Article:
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Two-stream Machine Learning Architecture based on Deep Learning and HMM for Person Recognition in Images/Videos

  • Full or part time
  • Application Deadline
    Applications accepted all year round
  • Self-Funded PhD Students Only
    Self-Funded PhD Students Only

Project Description

The development of deep learning CNN architectures has led to remarkable progress in the field of computer vision. As a consequence, successful systems are now available for real world applications in a variety of areas including visual surveillance, sports analysis, gaming and security. However, variability in human shapes and faces, appearances, postures and personalities makes the automatic recognition of a specific individual a very challenging task especially when they are either non-cooperative, i.e. they are not aware of the presence of a computer vision system, or uncooperative, i.e. trying to prevent a system to recognise them. This is exemplified by the embarrassing failure of the face recognition system recently tested by the Metropolitan police at the Notting Hill carnival in 2017 which was largely reported in the media (

This project proposes to address person recognition from either images or videos by developing a novel two-stream CNN-Profile HMM architecture, where the successful deep learning CNN architecture which is designed to optimise inter individual discrimination is enhanced by intra individual variation models. Inspired by extraordinary individuals, the so-called super recognisers, who have the ability of accurately identifying individuals thanks to both an excellent photographic memory and capability to extrapolate from several viewpoints, it is proposed to create a canonical model for each individual of interest by taking advantage of existing imagery representing them. Such models will be created using the novel ‘vide-omics’ paradigm which has recently been developed at Kingston University [1]. Founded on the principles of genomics where variability is the expected norm rather than an inconvenience to control, ‘vide-omics’ will allow modelling variations of a human’s personal characteristics, such as face, appearance and gait, by interpreting them as the product of mutations applied to a canonical model, the common ancestor of all representations of that individual. Similarly to genomics where models of gene families are produced by encoding mutations between each member using Profile Hidden Markov Models (P-HMMs), novel individual descriptors will be developed based on P-HMMs to model quantitatively known variations. The suitability of P-HMMs to encode object variations in images has already been demonstrated in a recent publication [2].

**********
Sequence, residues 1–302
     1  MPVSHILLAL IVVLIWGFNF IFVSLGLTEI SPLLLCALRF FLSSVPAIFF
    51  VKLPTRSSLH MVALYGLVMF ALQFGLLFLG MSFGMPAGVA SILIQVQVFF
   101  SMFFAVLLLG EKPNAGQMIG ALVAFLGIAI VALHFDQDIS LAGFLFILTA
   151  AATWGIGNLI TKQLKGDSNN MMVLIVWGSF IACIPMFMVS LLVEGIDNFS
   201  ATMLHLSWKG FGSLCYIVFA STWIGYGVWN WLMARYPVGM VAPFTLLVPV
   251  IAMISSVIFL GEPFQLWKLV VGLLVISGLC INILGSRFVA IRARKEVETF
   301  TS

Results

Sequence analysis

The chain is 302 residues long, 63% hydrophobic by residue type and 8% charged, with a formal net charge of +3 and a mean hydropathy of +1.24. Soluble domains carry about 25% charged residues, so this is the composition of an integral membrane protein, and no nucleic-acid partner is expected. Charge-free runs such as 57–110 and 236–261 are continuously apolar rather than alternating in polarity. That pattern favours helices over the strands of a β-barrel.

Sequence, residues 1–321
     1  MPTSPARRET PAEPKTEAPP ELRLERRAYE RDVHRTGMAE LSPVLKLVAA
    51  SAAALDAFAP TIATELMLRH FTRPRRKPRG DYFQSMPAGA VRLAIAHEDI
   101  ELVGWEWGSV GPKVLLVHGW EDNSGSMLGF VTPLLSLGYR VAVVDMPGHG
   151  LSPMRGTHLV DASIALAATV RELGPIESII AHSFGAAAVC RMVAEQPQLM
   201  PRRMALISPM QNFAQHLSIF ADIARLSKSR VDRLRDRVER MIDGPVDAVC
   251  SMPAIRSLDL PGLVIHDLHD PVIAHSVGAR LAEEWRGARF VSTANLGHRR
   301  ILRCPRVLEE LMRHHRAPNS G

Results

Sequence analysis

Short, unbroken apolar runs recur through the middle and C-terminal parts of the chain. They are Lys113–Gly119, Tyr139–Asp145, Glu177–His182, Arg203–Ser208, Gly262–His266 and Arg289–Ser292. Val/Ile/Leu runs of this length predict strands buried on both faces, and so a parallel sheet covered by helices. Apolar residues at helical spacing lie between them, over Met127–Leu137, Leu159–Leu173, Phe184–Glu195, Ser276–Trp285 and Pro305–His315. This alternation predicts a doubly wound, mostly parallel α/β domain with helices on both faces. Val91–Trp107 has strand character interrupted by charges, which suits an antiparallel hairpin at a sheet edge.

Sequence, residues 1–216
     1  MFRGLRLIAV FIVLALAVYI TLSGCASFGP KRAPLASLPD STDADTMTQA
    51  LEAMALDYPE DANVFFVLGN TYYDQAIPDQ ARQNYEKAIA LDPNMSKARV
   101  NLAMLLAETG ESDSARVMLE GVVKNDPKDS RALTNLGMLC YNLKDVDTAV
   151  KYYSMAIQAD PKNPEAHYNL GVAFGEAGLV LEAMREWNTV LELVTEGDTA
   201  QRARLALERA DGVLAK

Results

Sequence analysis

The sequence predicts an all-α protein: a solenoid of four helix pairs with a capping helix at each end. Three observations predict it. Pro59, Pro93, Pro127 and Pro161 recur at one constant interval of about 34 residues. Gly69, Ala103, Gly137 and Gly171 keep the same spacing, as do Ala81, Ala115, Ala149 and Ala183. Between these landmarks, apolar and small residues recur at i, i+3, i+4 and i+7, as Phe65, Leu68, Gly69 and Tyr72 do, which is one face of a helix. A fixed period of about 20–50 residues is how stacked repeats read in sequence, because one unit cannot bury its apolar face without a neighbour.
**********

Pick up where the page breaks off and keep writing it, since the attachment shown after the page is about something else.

Applicants should have, at least, an Honours Degree at 2.1 or above (or equivalent) in Computer Science or related disciplines. In addition, they should have excellent programming skills in Matlab, Java and/or C++ and an interest in machine learning.

Qualified applicants are strongly encouraged to informally contact the supervising academic, Dr Nebel (), to discuss the application. More on Dr Nebel’s research group and activities can be found on his personal website:

[1] Vide-omics: A Genomics-inspired Paradigm for Video Analysis, I. Kazantzidis, F. Florez-Revuelta, M. Dequidt, N. Hill and J.-C. Nebel, Computer Vision and Image Understanding, 166:28-40, 2018
[2] Profile Hidden Markov Models for Foreground Modelling, I. Kazantzidis, F. Florez-Revuelta and J.-C. Nebel, IEEE International Conference on Image Processing (ICIP 2018), Athens, Greece, October 7-10, 2018

Funding Notes

There is no funding for this project: applications can only be accepted from self-funded candidates

How good is research at Kingston University in Computer Science and Informatics?

FTE Category A staff submitted: 10.20

Research output data provided by the Research Excellence Framework (REF)

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